Of all the heinous political acts, criminal politicians and destructive pieces of legislation I have witnessed or learned about since my relocation to Connecticut two years ago, the activities I partook in today have caused me the most frustration and uncertainty about the future of our state. Today, along with thousands of hard working law abiding citizens of Connecticut, I took time out of work to stand in a cold somber line and tell the government what firearms I possess.
For us who have been written off by the mainstream in this state as right-wing, gun and bible totin ne’er do wells, time has run out on hopes that a law requiring legal gun owners to declare any “assault weapons” or “high capacity magazines” with state authorities will be overturned. So for the past few days thousands of cops, teachers, farmers, veterans, businessmen and other innocent men and women have flooded mailboxes and the Middletown State Police Barracks with Assault Weapon Certificate Applications, per command of their state legislators.
Many of these legislators, unlike many of the men and women I stood in line with today, have never carried a weapon in defense of themselves or others; yet they somehow possess the intuition to know which weapons should be deemed dangerous. They couldn’t tell you the cycle of operations or maximum effective ranges of these weapons yet they have contrived an image of they feel should be considered an “assault rifle.” Twenty dollars goes to the first legislator who can tell me what AR actually stands for.
Yet there we were, waiting in the freezing cold to be deemed “in compliance” by the government. Standing in line I heard references to the gun grabbing tactics of Stalin and Hitler, and how next the State will be knocking on our doors asking us to surrender our firearms, yet I kept thinking of an analogy used by economist Thomas Sowell to weigh the exchange of security for liberty. After all that’s the essential purpose for this registration fiasco, we have done nothing wrong yet some are afraid of the possibility that an assault weapon we legally own may do harm to somebody somewhere. As if the gun possesses some cosmic potential energy that will cause it to fire at humans on its own whim.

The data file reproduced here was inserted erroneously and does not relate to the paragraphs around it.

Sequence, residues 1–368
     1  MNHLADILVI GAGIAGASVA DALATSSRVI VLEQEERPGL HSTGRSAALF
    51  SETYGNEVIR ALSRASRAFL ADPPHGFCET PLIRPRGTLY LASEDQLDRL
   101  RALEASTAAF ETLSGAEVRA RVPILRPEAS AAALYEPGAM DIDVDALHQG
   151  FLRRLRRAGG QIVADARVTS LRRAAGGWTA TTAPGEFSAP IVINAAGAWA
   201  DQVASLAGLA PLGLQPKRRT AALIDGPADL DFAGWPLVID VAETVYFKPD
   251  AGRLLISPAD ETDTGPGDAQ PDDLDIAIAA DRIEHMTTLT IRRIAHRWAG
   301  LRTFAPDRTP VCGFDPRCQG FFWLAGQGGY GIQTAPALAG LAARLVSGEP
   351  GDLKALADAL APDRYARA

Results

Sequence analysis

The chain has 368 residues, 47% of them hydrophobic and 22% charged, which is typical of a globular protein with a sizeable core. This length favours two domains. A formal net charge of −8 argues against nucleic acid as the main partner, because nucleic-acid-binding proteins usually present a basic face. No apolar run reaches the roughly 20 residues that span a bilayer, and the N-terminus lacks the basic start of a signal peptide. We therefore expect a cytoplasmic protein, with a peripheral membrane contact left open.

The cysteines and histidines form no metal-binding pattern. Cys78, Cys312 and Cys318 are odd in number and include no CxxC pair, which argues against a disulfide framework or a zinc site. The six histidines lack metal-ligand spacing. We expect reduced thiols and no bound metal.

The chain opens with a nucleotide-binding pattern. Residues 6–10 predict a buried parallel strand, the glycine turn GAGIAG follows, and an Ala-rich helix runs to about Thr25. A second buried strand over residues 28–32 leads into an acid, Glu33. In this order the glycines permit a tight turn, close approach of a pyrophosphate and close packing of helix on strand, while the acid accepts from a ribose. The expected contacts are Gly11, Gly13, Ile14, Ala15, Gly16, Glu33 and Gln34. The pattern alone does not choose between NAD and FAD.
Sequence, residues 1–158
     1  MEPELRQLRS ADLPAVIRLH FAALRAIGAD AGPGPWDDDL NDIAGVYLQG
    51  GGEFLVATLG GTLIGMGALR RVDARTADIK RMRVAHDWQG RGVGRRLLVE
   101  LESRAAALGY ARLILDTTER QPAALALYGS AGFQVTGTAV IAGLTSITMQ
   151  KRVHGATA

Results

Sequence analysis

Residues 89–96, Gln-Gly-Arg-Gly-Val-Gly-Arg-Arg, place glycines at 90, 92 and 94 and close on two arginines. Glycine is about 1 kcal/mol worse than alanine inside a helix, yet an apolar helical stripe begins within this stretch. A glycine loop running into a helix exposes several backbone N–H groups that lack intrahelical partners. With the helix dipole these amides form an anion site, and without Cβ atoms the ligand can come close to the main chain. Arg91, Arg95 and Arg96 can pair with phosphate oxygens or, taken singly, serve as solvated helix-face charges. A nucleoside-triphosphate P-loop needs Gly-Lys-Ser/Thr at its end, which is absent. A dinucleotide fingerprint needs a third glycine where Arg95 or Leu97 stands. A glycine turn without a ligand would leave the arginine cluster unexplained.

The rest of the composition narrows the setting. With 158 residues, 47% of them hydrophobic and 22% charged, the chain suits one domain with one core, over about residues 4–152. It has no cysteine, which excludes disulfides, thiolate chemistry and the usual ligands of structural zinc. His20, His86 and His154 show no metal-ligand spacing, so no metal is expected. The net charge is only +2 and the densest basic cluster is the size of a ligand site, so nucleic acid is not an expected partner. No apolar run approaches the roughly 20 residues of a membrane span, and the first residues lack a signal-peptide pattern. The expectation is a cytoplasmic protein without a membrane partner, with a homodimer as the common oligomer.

Sowell asked us to consider next time we are asked to spread our feet and raise our hands by a TSA agent, whether or not this is the posture of a freeman.
I’ll put this thought pro forma onto our situation today: We were asked to come to the police station like witnesses or suspects of a crime, forced to remove our belts as done upon intake by a jailer. We rolled our right thumbs in dark ink and were fingerprinted as if being booked for a crime, and then were asked to swear to an affidavit as if under investigation. While there was not a single current law breaker in our lot, we were permanently logged into a system which uses these same techniques to mark and track criminals. Are these the activities of free men?
Many readers may think that this is a mere overreaction or that this is a small price to pay for security. But I feel that I and others with me have been defiled by the government, and a little bit of the hope I still possess for this state, has died.
Andrew is a political science major at CCSU, a project manager at Alternate Tax Solutions and a veteran of the United States Marine Corps.